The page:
Harley lost in tsunami to be displayed in museum

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A Harley-Davidson that traveled by sea will be finding a permanent home in Wisconsin. Image: John.Karakatsanis/Flickr/CC BY-SA

A Harley-Davidson motorcycle that was lost in a Japanese tsunami last year and washed ashore in Canada will be exhibited in a U.S. motorcycle museum to honor all those who were killed or devastated by the disaster.

At sea more than a year

The 2004 FXSTB Softail Night Train bike, still in a Styrofoam-lined storage crate, washed ashore on Haida Gwaii, an island off the north coast of British Columbia, Canada, where it was spotted by resident Peter Mark on April 18. It had crossed some 7,000 miles of Pacific Ocean in its more than one-year journey.

Owner requests display

The motorcycle belonged to 29-year-old Ikuo Yokoyama, who lost his home and three family members in the March 11, 2011 tsunami and is living in temporary housing in Miyagi Prefecture, Japan, as he tries to rebuild his life. Harley-Davidson offered to restore the bike to running condition and return it to Yokoyama, but he turned it down, requesting instead that it be put on display as a tribute to the people, like himself, who had their lives uprooted by the disaster.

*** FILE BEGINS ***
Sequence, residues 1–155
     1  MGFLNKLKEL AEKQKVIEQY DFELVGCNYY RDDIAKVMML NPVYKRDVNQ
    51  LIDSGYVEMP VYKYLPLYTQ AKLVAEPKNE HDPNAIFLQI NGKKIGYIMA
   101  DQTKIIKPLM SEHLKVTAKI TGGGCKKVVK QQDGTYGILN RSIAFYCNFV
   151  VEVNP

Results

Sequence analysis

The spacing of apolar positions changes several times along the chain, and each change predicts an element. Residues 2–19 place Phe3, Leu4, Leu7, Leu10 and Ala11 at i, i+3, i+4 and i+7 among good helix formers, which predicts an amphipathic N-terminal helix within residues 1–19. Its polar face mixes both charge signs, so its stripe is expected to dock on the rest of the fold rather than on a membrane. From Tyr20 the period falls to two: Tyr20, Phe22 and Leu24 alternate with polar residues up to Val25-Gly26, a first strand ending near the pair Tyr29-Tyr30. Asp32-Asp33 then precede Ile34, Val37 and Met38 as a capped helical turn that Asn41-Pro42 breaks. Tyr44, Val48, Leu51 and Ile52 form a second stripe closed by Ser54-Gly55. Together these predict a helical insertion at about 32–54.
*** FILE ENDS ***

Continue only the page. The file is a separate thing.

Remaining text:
Yokoyama said in a statement released by Harley-Davidson:

“It is truly amazing that my Harley-Davidson motorcycle was recovered in Canada after drifting for more than a year … I would be delighted if it could be preserved in its current condition and exhibited to the many visitors to the Harley-Davidson Museum as a memorial to a tragedy that claimed thousands of lives … I would like to ask them to help convey messages from the Japanese people about the tragedy of the Great East Japan Earthquake, which was a disaster of historic proportions.”

Harley-Davidson honors request

Friday, it was announced that Yokoyama’s wishes will be honored and the motorcycle will be making its way to the Harley-Davidson museum in Milwaukee, Wis.

Harley-Davidson also offered Yokoyama a chance to come visit the motorcycle on display, something he says he would like to do when his life is a little calmer. He also expressed a desire to meet and thank Peter Mark, who found the bike in Canada.

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A ‘powerful story to convey’

Mark also commented on the bike’s becoming part of the Milwaukee collection:

“I think it is fitting that the Harley, which was swept across the Pacific Ocean by the tsunami, will end up in the Harley-Davidson Museum as a memorial to that tragic event. It has an interesting and powerful story to convey, preserved in its current state … I cannot even begin to comprehend the loss of family, friends and community.”

Bill Davidson, Vice President of the Harley-Davidson Museum said that the facility is “honored to receive this amazing motorcycle.”


Vancouver Sun 

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